The rising cost of education 


In December, education officials in the borough of Islington in London, England, announced that they would begin to pay 30 14-year-old students to attend classes on Saturday mornings to improve their chances of graduation. The academically borderline students would sign a four-year contract for the extra sessions at a wage of almost $6 an hour (nearly $1 more than the minimum wage for teen-agers).

Fixed race

Mr. Kamla Jaan, 50, was elected mayor of Katni in central India in December, and Mr. Shabnam Mausi was elected to the legislature in the state of Madhya Pradesh in February. The victories are considered political breakthroughs, as the two men are among the many eunuchs who have recently run for office in reaction to the perceived widespread corruption of India's traditional politicians. Until now, the genital-deprived "hijras" have been relegated to working as prostitutes or becoming professional pests who trespass and then demand fees to leave the invaded premises.

Pall over Jersey

In October, high-school teacher Edward R. Kotwica committed suicide by walking in front of a train in Bergen County, N.J., hours after he was charged with fondling a 17-year-old female student. Two weeks later, piano teacher Samuel S. Aster, 59, hanged himself in Teaneck; he had been charged with molesting seven of his young students. Less than a month later, Adam Victor Reed, 53, a former member of the Monmouth County board of education, was arrested and charged with the possession of 12 boxes of child pornography.

Character assassination

In December, the Education Ministry in Turkey asked a publisher of math textbooks not to use the letters "p" and "k" in algebraic equations because they could form the acronym for the rebel Kurdistan Workers Party ("PKK" ). The ministry suggested substituting the letters e, f, g and h.

His excuse doesn't hold water

A 45-year-old man was identified by police in February as the one who had recently taped as many as 100 vials of water to trees in Milwaukee and its suburbs (though at press time, he had not been charged with a crime). He told police that he was testing the frequencies of radio stations because one of them had been bombarding him with signals. Though he did not explain the role of the vials, he vowed to send the test results to the FCC. The man's son, 17, called him a good father who sometimes neglects his medication.

Playing doctor

Joseph Sherer, 41, was arraigned in Bozeman, Mont., in January on 11 felony charges, including aggravated assault and impersonating a physician. The charges stem from the 40 to 200 phone calls police believe Sherer made from his Sunrise, Fla., home to women in Montana, in which he advised them to perform harmful procedures on themselves (such as persuading one woman to cut off a nipple and flush it down the toilet). According to police, Sherer had made similar but less dangerous phone calls in other cities in the 1980s.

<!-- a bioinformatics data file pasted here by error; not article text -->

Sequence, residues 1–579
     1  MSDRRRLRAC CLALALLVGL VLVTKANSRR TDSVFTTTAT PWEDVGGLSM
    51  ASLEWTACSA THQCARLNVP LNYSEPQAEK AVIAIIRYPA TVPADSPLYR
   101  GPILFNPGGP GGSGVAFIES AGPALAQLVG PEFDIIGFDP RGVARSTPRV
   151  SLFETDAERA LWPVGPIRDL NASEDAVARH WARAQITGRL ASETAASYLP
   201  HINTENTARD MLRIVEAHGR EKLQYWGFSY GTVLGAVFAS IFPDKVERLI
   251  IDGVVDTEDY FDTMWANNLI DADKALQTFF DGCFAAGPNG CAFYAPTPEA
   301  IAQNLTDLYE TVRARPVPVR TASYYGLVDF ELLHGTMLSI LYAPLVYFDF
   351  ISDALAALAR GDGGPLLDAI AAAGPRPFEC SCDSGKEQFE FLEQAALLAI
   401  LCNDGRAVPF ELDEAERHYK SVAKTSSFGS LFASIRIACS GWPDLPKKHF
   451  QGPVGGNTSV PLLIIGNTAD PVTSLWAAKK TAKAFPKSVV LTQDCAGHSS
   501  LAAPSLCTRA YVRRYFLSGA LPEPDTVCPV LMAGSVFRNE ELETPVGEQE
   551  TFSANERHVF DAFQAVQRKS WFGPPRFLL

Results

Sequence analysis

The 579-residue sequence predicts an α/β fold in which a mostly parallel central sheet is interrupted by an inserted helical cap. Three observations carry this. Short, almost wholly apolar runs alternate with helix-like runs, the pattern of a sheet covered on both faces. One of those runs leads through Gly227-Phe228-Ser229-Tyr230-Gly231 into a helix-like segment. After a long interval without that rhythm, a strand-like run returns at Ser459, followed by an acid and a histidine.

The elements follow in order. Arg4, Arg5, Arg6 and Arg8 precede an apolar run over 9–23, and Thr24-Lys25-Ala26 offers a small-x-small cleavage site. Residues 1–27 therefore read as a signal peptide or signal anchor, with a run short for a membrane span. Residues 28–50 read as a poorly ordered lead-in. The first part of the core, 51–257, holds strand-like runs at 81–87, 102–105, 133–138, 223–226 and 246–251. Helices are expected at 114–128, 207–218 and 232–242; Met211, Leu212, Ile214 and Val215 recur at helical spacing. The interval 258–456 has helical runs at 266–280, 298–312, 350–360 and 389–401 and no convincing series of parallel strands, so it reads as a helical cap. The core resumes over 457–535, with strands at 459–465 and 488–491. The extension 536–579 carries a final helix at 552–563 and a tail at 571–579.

Short fuse

E.H. Dennis, 77, was convicted in Greensboro, N.C., in January of scaring the attendees of a 1998 Guilford County Commission meeting by making an explicit bomb threat against commissioners as part of a land-use dispute. According to a videotape of the meeting, Dennis calmly described how commissioners' body parts would be strewn around the area after the bomb went off if he didn't get his way. During a break in testimony at his trial, Dennis left the courtroom and stepped over to the elections office, where he left a $147 cashier's check as filing fee to run for a seat on the commission.

Brazen cheek

New York City firefighter Albert Hohmann was arrested in February after being identified by police as the man who sneaked into a restaurant at night and snacked on expensive food and wine, all while naked. Hohmann's lawyer denied the charge, though a surveillance camera had captured an easily identifiable tattoo of Mr. Peanut on the intruder's derriere.

The downward spiral

Karen Frogley, a trauma therapist in Wellington, New Zealand, complained in January to the Reverse Bungy New Zealand company about its installation of a 130-foot bungee tower outside Frogley's downtown office building. Frogley says the jumpers' blood-curdling screams make her rape and car-crash patients anxious.

Hope is a thing with feathers

As part of its campaign to save fowl, People for the Ethical Treatment of Animals in December offered 350 homeless shelters in the U.S. (and 34 more in Canada) holiday "tofurkeys" -- tofu shaped to resemble turkey parts. "Homeless people especially can empathize with those who are oppressed," a coordinator noted.

Rash decisions

After an inexplicable mid-year upsurge in the number of newborn babies who are abandoned on the streets of Houston, Texas, the city's Child Protective Services in December bought 75 billboard ads that beg reluctant mothers to take their unwanted offspring to hospitals or social-services agencies. And at the Berea Baptist Church in Johannesburg, South Africa, at least four newborns have recently been deposited in an oversized mail drop that was installed as a receptacle for jettisoned infants. South African authorities are equally baffled by the phenomenon.


Speaking of News Of The Weird

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